Maine Passes Child Sexual Abuse SOL Reform
Posted on: July 20, 2021 Sexual Abuse & Assault Lawsuits
Maine Governor Janet Mills recently signed into law a bill that will allow survivors of childhood sexual abuse to file civil lawsuits against their perpetrators no matter how long ago the abuse occurred. While the state did eliminate the state of limitations for childhood sexual abuse claims in 2000, that law was not retroactive so survivors whose claims were expired at that point could not bring them forward. This new law, however, enables all previously time-barred claims to be filed.
Rep. Lori Gramlich, the bill’s sponsor, disclosed that she is a survivor of childhood sexual abuse during her testimony on the bill. In her opinion, the bill will allow survivors to be heard. “For me, it’s not about suing somebody for big bunches of money,” Gramlich said. “It’s about having an opportunity to have justice.”
While several states are exploring a reform of their current childhood sexual abuse laws, Maine’s reform is particularly helpful to victims of childhood sexual abuse since it is retroactive in eliminating the statute of limitations. This means that survivors of childhood sexual abuse can come forward about their abuse on their own time and not have to feel pressured to do so because of a date on the calendar. Child USA, an advocacy group formed to help prevent the abuse and neglect of children, highlights a German study showing the average age of people who reported childhood sexual abuse was 52 years old. This study proves that it can take years, even decades for survivors of childhood sexual abuse to feel ready to tell others about their abuse. They shouldn’t miss the opportunity to seek justice against their abusers because they weren’t able to speak of their abuse until later in life.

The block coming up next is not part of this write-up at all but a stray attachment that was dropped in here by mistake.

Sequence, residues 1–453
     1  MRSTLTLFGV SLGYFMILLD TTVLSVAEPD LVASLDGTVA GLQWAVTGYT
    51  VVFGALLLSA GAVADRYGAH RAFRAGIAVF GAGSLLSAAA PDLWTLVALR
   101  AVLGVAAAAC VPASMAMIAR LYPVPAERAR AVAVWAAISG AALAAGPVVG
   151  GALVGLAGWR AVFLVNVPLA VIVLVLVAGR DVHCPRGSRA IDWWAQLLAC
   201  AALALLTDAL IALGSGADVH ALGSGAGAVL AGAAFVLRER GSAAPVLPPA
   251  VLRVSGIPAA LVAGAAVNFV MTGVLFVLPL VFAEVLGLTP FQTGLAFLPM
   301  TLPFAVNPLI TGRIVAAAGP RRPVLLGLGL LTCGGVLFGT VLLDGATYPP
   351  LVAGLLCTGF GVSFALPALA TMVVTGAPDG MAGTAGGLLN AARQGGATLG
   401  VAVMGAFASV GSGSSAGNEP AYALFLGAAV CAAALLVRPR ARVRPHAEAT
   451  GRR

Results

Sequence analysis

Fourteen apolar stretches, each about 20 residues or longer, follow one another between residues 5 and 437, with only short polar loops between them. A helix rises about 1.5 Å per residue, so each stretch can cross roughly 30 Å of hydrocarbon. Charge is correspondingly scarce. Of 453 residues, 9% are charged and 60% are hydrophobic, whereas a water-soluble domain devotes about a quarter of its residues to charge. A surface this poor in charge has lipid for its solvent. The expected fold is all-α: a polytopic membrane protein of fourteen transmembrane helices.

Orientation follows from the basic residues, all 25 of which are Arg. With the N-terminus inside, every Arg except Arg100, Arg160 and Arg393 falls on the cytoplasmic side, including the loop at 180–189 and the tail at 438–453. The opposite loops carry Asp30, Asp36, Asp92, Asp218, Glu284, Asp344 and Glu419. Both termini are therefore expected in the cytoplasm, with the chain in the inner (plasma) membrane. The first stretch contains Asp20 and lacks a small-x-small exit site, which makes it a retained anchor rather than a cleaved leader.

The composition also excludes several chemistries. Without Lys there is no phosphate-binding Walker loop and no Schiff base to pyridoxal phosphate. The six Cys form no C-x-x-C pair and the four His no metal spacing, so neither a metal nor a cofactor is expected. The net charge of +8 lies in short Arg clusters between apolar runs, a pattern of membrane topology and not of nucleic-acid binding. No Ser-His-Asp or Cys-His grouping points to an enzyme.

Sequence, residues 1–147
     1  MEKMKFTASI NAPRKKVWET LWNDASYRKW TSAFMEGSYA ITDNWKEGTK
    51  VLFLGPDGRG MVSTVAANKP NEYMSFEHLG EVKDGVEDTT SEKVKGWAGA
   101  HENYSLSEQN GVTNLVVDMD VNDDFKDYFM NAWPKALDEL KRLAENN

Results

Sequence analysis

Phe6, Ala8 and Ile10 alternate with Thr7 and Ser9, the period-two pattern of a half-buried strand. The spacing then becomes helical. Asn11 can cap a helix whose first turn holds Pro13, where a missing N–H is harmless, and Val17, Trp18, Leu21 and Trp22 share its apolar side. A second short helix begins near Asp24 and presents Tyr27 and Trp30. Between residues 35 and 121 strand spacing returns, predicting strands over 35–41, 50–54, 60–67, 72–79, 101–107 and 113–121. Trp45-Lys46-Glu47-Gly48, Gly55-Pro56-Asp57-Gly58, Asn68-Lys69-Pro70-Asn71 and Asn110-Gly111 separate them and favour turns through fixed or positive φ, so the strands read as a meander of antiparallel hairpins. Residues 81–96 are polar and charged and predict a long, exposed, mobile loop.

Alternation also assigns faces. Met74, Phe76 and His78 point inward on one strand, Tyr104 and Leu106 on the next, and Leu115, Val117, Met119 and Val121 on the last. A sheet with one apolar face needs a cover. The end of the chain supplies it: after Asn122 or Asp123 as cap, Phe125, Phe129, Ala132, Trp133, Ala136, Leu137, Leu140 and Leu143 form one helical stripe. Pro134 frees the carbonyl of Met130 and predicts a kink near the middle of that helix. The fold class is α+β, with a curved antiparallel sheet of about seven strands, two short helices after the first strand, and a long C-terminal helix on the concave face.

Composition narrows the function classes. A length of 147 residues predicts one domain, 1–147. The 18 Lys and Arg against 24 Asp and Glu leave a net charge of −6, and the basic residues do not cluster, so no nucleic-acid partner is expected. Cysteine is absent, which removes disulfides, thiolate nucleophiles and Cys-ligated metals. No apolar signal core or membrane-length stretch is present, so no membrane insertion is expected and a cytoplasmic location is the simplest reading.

Not surprisingly, the Roman Catholic Diocese of Portland opposed the bill and argued that the state already has a wide timeframe with its current statute of limitations law. It also claimed that the legal process could be burdened by older claims. Luckily, those arguments were not persuasive enough and the new law will go into effect 90 days after the Legislature adjourns.
The entire article can be viewed here.
Maine Child Sexual Abuse Lawsuits
If you or a loved one were a victim of sexual abuse contact our firm today or learn more by visiting our Maine sexual abuse lawsuits page. Our firm reviews cases of sexual abuse and assault nationwide and can help you understand your legal options. Your time to file sexual abuse and assault claim is limited. Call us today at 1-800-941-7209 for a FREE and PRIVATE consultation.